19. Blood Supply to Spinal Cord The most important blood supply to spinal cord comes from spinal artery, a minor supply is from Adamkiewicz artery

  20. CoAExposure

  21. CoALSCA flap

  22. CoA Patch Augmentation

  23. CoA Subclavian Artery Flap

  24. CoA End-to-End Anastomosis

  25. CoA Extended end-to-end Anastomosis

  26. Coactation of AortaResection and Anastomosis

  27. Coactation of Aorta Resection & Extended end-to-end Anastomosis

  28. Coarctation of AortaEnd-to-Side Anastomosis

  29. Coarctation of Aorta Enlargement of VSD, Resection of Conal Septum

  30. CoA + VSD, One-stage Repair

  31. CoA + VSD, One-stage Repair

  32. Coarctation of AortaEnd-to-Side Anastomosis Opening of Resected Segment

  33. Coactation of Aorta • Operative results • Hospital mortality Causes of early death are acute and chronic cardiac failure or severe pulmonary insufficiency • Incremental risk factor for death 1) Older age 2) Hypoplastic left heart class 3) Techniques of operation

  34. Coactation of Aorta • Operative results • Mobidity • 1) Paraplegia (0.2 ~ 1.5%) • 2) Hypertension and abdominal pain • 3) Persistent or recurrent coarctation • - more than 20mmHg • - high incidence in young • 4) Upper body hypertension without resting gradient • - increased vascular activity in the forearm • - age at operation is risk factor • 5) Late aneurysm formation • - higher in onlay patch technique • 6) Valvular disease • 7) Congestive heart failure with hypertension • 8) Bacterial endocarditis

  35. Coactation of Aorta • Special features of postoperative care • 1. Systemic arterial hypertension • Usually, but infant or young child doesn’t • need to be treated. • 2. Abdominal pain • Usually mild abdominal discomfort for a few days, • and prominent in 5 - 10%. • Control hypertension, nasogastric decompression, • IV maintain • 3. Chylothorax • 5%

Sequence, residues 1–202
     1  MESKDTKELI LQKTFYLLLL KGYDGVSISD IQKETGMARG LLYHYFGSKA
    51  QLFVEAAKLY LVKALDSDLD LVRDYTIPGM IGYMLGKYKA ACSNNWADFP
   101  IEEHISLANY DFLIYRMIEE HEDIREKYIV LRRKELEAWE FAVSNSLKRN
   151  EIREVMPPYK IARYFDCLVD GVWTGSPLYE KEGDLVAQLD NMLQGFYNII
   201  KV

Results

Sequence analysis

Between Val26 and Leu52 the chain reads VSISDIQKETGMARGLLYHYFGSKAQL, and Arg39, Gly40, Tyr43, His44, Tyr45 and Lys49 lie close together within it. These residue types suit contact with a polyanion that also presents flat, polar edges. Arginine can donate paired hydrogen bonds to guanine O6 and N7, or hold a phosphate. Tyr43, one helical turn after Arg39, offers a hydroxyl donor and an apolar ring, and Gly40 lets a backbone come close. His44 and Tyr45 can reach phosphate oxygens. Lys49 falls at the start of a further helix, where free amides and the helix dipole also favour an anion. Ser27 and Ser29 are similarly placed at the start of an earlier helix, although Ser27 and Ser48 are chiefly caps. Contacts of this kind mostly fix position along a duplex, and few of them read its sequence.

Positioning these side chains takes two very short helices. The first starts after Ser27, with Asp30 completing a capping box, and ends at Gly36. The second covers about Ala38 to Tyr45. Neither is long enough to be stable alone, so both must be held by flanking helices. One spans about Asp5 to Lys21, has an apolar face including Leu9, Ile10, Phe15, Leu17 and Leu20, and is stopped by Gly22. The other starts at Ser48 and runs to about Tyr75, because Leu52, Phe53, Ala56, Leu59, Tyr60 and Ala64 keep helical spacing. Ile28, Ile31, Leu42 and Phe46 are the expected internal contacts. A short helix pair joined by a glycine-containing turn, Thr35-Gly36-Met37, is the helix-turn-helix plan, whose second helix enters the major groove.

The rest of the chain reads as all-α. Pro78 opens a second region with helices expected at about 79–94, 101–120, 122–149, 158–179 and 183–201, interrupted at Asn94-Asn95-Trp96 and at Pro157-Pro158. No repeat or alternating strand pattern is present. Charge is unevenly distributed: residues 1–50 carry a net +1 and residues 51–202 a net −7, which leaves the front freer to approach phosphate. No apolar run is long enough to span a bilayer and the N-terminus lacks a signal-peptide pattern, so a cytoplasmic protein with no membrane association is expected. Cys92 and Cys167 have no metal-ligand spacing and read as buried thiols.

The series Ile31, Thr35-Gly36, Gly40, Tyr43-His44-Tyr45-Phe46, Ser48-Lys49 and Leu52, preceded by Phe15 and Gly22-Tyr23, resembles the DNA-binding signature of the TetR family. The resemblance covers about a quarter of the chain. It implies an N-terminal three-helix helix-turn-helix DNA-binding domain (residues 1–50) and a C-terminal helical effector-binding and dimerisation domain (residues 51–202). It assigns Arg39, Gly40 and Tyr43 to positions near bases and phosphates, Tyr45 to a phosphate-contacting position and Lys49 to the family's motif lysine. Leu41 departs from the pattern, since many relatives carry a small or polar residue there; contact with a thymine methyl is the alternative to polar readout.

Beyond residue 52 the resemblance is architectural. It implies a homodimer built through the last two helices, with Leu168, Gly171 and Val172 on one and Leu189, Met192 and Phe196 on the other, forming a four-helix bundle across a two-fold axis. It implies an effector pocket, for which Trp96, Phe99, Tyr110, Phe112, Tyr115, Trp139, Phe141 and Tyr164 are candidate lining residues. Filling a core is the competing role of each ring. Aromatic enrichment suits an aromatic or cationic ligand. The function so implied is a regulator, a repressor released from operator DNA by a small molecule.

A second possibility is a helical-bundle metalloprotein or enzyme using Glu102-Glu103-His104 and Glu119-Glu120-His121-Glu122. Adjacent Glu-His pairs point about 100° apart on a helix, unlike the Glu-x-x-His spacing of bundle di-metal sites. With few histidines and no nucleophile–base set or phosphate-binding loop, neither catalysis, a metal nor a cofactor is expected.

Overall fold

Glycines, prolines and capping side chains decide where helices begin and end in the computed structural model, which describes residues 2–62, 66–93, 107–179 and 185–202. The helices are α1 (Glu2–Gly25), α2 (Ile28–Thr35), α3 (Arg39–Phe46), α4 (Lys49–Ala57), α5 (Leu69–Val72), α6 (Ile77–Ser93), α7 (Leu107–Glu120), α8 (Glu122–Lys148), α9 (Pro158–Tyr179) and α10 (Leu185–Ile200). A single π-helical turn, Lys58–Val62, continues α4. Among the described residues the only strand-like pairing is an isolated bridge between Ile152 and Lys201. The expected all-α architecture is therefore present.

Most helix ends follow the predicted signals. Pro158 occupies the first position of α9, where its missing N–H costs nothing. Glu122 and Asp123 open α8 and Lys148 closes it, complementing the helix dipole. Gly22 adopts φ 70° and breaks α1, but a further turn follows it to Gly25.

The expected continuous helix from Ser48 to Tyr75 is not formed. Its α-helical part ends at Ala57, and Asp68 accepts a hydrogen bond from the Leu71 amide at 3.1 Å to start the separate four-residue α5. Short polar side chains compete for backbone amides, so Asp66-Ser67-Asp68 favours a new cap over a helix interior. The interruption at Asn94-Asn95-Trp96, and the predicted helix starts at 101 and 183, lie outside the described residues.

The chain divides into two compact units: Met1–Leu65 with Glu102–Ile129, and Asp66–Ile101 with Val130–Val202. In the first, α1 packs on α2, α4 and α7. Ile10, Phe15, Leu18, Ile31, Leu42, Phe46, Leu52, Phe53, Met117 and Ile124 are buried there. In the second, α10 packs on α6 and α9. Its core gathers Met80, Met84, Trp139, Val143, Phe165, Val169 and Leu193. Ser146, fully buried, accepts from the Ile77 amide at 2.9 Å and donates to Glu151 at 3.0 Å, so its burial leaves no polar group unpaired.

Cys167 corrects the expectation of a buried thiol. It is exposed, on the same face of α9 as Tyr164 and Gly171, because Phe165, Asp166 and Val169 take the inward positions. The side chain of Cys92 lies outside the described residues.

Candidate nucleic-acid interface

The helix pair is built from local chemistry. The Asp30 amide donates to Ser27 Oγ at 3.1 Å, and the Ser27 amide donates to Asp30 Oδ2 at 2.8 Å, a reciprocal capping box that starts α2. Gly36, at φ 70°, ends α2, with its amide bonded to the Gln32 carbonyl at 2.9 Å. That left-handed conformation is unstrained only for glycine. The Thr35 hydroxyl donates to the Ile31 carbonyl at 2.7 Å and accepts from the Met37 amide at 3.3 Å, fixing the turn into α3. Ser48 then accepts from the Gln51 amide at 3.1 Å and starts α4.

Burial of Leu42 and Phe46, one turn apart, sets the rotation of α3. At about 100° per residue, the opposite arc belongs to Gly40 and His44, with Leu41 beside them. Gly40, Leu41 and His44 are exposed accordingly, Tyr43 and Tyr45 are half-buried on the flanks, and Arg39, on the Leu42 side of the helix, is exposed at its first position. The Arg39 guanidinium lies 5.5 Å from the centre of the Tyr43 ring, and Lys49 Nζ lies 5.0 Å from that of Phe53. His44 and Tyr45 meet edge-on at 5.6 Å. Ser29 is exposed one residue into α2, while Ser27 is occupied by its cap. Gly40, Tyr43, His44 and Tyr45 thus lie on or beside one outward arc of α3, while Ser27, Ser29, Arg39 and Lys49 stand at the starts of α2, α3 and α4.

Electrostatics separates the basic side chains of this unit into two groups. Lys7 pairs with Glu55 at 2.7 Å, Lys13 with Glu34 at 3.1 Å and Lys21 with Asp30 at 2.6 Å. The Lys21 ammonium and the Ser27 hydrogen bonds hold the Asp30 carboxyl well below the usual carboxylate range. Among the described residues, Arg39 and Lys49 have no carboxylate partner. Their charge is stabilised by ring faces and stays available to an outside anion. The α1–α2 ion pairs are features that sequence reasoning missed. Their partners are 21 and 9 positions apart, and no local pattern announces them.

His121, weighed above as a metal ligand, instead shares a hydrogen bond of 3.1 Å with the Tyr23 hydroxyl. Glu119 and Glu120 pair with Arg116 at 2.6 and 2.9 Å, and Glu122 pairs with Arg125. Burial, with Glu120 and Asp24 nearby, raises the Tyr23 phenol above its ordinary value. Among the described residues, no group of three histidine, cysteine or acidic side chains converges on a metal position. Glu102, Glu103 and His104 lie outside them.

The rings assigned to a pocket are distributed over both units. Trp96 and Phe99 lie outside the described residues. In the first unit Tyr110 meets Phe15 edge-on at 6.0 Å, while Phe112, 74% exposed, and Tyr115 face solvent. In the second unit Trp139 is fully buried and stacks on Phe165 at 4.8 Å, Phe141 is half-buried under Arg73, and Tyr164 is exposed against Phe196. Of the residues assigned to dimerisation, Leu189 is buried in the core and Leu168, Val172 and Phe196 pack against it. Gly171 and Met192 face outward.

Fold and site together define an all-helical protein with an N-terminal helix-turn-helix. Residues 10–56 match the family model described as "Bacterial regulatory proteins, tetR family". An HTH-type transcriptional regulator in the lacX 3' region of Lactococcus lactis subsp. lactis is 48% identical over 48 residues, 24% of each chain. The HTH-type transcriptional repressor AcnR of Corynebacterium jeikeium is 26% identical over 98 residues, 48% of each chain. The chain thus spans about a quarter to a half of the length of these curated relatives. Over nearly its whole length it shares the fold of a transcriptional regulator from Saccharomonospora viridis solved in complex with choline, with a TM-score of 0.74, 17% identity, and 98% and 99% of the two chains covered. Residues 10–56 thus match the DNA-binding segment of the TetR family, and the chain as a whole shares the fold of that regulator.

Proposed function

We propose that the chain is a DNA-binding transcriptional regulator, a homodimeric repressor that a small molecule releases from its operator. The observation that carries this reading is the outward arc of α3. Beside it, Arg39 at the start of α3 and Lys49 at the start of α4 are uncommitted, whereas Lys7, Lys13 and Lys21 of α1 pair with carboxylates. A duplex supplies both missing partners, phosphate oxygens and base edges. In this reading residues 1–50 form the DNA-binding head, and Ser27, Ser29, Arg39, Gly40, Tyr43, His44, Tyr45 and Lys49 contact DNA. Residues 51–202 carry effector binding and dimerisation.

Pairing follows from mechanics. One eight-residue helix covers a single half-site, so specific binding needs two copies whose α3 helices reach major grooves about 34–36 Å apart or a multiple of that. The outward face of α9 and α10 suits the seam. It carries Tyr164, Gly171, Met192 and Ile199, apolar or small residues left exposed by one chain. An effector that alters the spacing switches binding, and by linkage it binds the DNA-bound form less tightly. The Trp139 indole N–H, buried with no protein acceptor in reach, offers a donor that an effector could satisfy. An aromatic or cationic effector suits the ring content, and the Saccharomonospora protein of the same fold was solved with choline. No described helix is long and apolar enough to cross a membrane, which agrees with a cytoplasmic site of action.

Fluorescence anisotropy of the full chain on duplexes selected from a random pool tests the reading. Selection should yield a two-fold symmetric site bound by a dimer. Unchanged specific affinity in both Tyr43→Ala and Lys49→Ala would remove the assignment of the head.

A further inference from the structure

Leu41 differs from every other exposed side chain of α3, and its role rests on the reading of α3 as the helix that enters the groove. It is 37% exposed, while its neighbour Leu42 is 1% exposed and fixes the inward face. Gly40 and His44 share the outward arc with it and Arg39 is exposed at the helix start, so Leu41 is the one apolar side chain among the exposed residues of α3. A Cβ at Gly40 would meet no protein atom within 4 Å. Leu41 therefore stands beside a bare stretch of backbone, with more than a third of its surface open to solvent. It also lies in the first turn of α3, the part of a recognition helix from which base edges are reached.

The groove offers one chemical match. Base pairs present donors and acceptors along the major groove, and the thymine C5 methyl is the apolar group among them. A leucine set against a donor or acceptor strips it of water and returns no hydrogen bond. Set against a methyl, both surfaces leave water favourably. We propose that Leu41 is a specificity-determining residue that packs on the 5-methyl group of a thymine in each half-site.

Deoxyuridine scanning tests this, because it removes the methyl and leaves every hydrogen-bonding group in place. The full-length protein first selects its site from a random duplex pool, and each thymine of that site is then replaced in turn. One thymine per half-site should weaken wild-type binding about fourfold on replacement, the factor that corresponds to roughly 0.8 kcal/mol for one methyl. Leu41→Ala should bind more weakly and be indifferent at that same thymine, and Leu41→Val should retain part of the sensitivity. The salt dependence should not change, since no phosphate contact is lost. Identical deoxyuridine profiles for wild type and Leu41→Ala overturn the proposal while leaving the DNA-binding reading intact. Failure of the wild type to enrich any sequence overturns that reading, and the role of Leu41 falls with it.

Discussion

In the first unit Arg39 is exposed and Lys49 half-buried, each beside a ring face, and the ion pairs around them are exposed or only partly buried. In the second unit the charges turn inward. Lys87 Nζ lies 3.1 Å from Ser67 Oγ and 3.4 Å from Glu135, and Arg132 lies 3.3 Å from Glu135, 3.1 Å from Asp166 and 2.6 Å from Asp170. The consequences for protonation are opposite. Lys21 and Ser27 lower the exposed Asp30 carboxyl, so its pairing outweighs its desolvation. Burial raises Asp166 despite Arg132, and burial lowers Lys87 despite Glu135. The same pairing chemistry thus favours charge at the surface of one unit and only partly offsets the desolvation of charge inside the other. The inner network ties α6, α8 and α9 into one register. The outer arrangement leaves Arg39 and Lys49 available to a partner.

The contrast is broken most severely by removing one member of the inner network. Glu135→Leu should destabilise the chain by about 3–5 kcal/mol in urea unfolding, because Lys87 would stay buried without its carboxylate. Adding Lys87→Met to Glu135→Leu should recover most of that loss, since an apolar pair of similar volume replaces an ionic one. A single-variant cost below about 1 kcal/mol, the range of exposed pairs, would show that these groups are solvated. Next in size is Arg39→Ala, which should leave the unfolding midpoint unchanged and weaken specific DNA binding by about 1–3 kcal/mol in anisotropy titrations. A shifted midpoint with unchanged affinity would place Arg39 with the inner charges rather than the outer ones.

36. Coactation of Aorta Repair • Postoperative hypertension • Sealy Altered baroreceptor response with increased excretion of epinephrine or norepinephrine • Rocchin Sympathetic nervous system in early phase, and renin-angiotensin system in late phase

  37. Coactation of Aorta Repair • Paraplegia • 1. Duration of spinal cord ischemia • 2. Duration of intercostal artery ischemia • 3. Intraoperative proximal hypotension • 4. Postoperative hypotension • 5. Hyperthermia during operation • 6. Anastomosis with tension • 7. Acidosis in the perioperative periods

  38. Coactation of Aorta • Special situation & controversies • 1. CoA proximal to left subclavian artery • * 1% of all COA • * reverse subclavian flap • * abdominal CoA : 0.5 ~ 2% • 2. Mild or moderate coarctation • * degenerative change prone to occur • 3. Prevention of paraplegia • * Collateral circulation, hypothermia(< 45min at 33 deg C) • * Descending aortic pressure under 50mmHg after clamp • 4. Recurrent coarctation • Increased mortality and morbidity • 5. CoA with VSD or other anomalies • Increased mortality and morbidity

  39. Coactation of Aorta • Balloon dilatation • The roleof balloon dilatation is controversial because of early restenosis,the need for multiple interventions, potential limb ischemia,and the increased risk of aneurysm formation • The mechanism for early restenosis in neonates may be related to multiple factors including ductal tissue constriction orrecoil, isthmus hypoplasia, intimal hyperplasia as a resultof smooth muscle cell proliferation, and matrix protein productionwith arterial remodeling are involved in restenosis